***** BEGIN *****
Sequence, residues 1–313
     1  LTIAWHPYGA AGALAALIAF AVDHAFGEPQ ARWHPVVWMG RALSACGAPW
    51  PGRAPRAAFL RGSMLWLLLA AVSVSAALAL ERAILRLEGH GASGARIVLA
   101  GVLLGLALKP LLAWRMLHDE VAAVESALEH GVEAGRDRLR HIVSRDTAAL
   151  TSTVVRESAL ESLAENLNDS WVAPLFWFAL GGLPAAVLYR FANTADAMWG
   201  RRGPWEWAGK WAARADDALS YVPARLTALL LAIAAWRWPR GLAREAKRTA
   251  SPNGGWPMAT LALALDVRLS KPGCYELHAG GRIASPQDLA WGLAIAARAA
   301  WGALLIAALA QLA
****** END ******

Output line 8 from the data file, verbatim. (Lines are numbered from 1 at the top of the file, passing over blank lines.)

   301  WGALLIAALA QLA